Variables correlated with elderly referral from nursing homes to general hospitals

Shir Wagman, Shmuel Rishpon, Genady Kagan, Jonathan Dubnov, Sonia Habib

Research output: Contribution to journalArticlepeer-review


Background: Referring patients from nursing homes to general hospitals exposes them to nosocomial diseases, and may result in the development of a broad spectrum of physical, mental and social damages. Therefore, minimizing the referring of nursing home patients to hospitals is an important factor for keeping the elderly healthy and minimizing health expenditures. In this study we examined the variables related to the referral rates from nursing homes to general hospitals and the relationship between the referral and the mortality rates among the elderly who live in nursing homes in the Haifa Sub-district.Methods: Thirty-two nursing homes were included in a cross-sectional study. All medical directors and head nurses were interviewed using a structured questionnaire between November 2006 and October 2007. Statistical analysis, including the ANOVA and the nonparametric Spearman tests, were employed to determine the factors that influence referral rates and the correlation between referral rates and mortality rates.Results: The referral rate ranged between 18 and 222 per 100 financed elderly in a single year. In the multivariate analysis, the absence of a physician from the nursing home at the time of the referral to general hospitals was the only significant variable related to referral rates. No significant relationships were found between referral rates and mortality rates.Conclusions: Absence of a significant relationship between referral rates and mortality rates may indicate that high referral rates do not necessarily protect the elderly from death. Therefore, any recommendations issued by the Ministry of Health (MOH) should emphasize in-house treatment rather than hospitalization. Clear instructions on referral from nursing homes to general hospitals need to be constructed by the MOH. The MOH should increase the presence of physicians in the nursing homes, especially, when the need to refer a patient arises. Further quantitative and epidemiologic studies should be conducted in order to, more fully and reliably, create guidelines for policy recommendations.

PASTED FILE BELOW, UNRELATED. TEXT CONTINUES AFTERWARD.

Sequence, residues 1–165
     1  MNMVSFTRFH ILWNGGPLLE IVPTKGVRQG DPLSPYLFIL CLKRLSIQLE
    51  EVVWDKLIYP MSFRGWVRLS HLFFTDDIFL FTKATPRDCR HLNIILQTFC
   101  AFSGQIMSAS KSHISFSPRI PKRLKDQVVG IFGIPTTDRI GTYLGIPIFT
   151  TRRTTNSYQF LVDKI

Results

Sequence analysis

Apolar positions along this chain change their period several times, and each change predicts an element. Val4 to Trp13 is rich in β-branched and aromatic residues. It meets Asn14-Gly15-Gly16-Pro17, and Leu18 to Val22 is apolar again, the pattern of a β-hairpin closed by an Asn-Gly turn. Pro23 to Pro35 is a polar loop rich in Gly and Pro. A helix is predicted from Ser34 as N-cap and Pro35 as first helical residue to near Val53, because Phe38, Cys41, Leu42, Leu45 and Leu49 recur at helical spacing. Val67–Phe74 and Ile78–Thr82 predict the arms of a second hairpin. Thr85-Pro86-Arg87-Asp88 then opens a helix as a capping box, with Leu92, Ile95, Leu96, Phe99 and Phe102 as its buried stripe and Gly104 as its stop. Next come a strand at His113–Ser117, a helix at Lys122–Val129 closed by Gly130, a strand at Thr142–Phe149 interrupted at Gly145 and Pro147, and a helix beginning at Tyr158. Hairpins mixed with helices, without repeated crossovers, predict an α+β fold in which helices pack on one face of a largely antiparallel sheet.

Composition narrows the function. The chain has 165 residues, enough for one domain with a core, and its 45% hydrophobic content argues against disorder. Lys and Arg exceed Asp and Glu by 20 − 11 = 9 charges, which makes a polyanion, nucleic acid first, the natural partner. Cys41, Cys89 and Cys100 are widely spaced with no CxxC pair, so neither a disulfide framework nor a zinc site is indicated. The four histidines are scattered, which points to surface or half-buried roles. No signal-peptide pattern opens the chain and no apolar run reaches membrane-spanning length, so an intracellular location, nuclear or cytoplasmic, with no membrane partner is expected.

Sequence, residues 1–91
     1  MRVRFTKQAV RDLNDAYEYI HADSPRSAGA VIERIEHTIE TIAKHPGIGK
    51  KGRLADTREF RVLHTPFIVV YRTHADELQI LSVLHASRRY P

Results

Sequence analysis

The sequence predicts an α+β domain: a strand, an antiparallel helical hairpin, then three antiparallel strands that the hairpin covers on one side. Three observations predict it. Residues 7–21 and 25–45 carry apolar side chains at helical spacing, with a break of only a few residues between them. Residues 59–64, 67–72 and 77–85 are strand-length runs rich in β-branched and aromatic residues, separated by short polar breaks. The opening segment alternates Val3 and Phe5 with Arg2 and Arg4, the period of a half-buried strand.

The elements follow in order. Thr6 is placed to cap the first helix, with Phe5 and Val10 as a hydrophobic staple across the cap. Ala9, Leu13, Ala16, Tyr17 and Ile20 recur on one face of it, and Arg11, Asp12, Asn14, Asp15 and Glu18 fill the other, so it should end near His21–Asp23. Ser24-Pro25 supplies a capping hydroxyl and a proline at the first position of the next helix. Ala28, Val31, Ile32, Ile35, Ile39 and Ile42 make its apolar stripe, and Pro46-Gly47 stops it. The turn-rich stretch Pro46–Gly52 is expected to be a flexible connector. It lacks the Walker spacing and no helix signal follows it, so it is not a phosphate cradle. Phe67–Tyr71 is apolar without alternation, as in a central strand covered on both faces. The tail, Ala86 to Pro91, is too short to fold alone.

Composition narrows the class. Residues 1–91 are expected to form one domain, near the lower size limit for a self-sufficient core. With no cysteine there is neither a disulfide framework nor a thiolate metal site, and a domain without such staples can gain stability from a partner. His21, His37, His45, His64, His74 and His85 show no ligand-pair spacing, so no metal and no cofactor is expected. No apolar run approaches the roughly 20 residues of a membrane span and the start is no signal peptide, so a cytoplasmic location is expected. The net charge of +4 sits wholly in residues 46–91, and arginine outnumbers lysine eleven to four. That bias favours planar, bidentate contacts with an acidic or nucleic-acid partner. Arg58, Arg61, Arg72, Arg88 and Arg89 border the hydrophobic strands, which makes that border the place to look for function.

Original languageEnglish
Article number2
JournalIsrael Journal of Health Policy Research
Issue number1
StatePublished - 23 Jan 2014

Bibliographical note

Publisher Copyright:
© 2014 Wagman et al.; licensee BioMed Central Ltd.


  • Elderly
  • Hospitalization
  • Nursing homes
  • Referral rates

ASJC Scopus subject areas

  • Health Policy
  • Public Health, Environmental and Occupational Health


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